Chronic Otitis Media and Cholesteatoma
A child with a hole in the eardrum can get chronic otitis media – a hole in the eardrum, long-standing infections, and drainage from the ear canal (otorrhea). The infection slowly wears away the middle ear bones.
Chronic otitis media can also lead to a cholesteatoma. A cholesteatoma is a skin cyst behind the eardrum. Poor Eustachian tube function may be the cause. Over time, the cholesteatoma increases in size and destroys the delicate middle ear bones.
Both chronic otitis media and cholesteatoma can go into the inner ear. This can cause lasting hearing loss, dizziness and facial paralysis. If the disease spreads into the brain, other serious health problems can occur.
Evaluating Your Child for Chronic Otitis Media and Cholesteatoma
To determine if your child has chronic otitis media and cholesteatoma, the Children’s Hearing Center team will:
- Evaluate your child’s hearing
- Examine your child’s ear with a microscope
- Request a computed tomography (CT) scan, if needed, to determine the extent of the disease. The CT scan can also provide images to guide surgery.
The only treatment for chronic otitis media and cholesteatoma is a surgery called tympanoplasty with mastoidectomy. There are no medicines that will cure these diseases.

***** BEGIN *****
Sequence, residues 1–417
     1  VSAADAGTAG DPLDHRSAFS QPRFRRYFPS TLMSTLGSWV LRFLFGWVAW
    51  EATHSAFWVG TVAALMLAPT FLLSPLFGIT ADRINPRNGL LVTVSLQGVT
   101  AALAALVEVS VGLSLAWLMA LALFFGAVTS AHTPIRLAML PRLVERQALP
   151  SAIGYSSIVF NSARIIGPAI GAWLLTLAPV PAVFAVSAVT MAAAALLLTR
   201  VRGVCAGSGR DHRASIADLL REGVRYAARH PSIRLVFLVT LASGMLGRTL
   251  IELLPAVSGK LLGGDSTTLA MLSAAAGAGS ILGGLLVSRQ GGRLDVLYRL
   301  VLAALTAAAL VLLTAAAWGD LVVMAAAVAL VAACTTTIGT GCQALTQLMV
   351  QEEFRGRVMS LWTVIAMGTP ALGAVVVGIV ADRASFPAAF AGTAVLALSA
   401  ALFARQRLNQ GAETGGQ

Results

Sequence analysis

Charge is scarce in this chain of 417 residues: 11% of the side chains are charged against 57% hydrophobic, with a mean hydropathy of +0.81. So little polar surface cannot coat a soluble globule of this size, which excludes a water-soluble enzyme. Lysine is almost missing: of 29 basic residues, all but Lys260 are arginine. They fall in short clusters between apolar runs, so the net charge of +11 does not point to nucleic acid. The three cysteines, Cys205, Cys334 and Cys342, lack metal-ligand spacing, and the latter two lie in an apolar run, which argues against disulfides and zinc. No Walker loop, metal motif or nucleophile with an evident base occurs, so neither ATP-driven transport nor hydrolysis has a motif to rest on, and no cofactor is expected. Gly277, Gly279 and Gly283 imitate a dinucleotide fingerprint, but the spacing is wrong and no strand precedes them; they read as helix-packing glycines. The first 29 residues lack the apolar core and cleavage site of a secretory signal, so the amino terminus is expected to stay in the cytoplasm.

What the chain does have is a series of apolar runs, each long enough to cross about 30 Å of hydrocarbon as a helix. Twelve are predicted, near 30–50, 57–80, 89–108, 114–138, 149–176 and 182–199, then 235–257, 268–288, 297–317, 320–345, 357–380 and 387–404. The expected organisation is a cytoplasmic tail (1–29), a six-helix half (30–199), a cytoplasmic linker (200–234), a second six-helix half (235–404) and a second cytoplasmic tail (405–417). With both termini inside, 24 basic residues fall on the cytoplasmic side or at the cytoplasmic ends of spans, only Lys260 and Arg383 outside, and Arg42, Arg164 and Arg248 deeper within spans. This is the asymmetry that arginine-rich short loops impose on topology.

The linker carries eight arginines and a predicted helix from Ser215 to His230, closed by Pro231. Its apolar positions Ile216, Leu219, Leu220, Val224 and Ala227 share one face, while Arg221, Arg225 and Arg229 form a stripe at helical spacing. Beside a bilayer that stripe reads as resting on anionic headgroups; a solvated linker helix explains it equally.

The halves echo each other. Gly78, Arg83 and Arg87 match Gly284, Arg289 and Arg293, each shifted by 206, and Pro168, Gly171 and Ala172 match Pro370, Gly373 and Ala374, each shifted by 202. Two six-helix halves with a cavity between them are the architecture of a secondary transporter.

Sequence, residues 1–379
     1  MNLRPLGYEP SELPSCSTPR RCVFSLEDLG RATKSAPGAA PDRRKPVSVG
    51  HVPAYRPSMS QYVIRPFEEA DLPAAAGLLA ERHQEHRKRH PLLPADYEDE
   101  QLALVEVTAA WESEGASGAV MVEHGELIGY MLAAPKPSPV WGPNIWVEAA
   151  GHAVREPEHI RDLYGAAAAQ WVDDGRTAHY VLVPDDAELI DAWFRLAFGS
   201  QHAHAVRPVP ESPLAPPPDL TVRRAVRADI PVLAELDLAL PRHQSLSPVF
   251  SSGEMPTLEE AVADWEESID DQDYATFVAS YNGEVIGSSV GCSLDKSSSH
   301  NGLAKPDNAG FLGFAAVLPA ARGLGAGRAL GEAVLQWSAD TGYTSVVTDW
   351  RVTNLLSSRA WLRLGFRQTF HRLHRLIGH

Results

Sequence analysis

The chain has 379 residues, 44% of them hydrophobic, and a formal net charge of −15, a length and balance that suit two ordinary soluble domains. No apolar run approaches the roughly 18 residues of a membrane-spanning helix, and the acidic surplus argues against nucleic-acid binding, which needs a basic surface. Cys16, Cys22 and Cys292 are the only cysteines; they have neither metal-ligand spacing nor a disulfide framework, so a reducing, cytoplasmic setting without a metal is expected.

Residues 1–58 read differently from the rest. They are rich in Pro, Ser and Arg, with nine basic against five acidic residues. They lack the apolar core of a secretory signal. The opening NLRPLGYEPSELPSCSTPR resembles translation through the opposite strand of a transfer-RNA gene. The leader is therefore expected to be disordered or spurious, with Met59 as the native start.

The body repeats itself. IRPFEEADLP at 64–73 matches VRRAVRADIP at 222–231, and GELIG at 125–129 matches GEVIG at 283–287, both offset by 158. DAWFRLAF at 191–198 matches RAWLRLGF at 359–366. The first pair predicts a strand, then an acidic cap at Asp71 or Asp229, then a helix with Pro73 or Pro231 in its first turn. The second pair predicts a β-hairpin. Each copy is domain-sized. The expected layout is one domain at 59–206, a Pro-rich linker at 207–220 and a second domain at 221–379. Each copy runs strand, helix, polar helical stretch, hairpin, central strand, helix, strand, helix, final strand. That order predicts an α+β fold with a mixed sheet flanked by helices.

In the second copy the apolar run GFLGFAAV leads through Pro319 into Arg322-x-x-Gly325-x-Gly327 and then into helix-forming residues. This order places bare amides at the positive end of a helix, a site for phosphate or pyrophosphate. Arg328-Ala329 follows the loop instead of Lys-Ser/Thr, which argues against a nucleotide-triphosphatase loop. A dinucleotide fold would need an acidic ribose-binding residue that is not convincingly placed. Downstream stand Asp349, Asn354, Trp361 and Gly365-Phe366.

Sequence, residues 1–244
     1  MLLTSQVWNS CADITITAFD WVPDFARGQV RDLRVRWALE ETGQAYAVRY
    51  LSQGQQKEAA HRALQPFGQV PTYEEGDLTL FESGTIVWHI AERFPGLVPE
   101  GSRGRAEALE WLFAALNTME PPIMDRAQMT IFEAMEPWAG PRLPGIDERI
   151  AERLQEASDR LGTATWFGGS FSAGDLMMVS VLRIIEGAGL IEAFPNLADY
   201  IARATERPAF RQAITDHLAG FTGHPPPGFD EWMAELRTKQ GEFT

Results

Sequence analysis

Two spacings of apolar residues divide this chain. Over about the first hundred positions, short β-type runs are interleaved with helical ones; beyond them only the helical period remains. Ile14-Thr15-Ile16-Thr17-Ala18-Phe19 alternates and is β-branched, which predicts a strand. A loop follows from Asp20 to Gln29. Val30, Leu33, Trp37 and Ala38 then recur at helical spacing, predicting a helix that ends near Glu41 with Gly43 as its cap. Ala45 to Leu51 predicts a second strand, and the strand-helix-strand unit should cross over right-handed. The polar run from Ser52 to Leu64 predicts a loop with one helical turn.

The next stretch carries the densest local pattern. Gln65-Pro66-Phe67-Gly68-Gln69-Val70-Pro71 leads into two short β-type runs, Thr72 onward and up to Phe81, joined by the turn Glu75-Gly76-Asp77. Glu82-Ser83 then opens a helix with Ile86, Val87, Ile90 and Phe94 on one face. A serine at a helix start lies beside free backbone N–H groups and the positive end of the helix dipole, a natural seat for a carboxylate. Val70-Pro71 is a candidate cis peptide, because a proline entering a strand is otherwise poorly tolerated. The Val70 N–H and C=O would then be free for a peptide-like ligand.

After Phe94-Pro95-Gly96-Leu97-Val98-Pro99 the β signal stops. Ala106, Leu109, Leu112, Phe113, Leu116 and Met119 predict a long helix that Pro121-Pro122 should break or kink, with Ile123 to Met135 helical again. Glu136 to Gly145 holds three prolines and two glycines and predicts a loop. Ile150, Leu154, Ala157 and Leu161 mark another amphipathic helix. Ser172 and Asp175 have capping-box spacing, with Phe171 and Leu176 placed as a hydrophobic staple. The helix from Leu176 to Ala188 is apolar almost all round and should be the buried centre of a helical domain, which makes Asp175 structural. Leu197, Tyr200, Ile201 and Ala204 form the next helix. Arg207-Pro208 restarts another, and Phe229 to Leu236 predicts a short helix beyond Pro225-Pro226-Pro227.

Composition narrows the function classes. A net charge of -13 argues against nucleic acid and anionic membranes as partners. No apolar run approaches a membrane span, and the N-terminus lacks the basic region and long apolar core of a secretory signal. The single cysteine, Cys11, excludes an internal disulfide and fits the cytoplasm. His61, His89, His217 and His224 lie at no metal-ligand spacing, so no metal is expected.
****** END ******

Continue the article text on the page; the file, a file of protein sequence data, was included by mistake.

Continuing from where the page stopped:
Chronic Otitis Media and Cholesteatoma Surgery Outcomes
The primary goal of surgery for chronic otitis media and cholesteatoma is to remove all infection and cholesteatoma. Hopefully, this will stop the ear from draining and prevent additional problems. A good result can be expected in 80-90 percent of the cases. In many cases, a second surgery is needed to look for recurrence of the disease. This surgery is usually performed 6-18 months after the first surgery.
The secondary goal is to improve hearing. However, failure to improve hearing is not a complication.
Success depends almost as much on the ability of the body to heal and preserve the reconstruction as on the surgeon's skill. Fortunately, even those cases that fail may often be revised.
Eardrum hole repair. The rate of successful repair of a hole in the eardrum is typically 90-95 percent. The success rate improves if the ear is dry and uninfected. If your child has already had one surgery that did not work, the success rate of further surgery is lower. Some children have such poor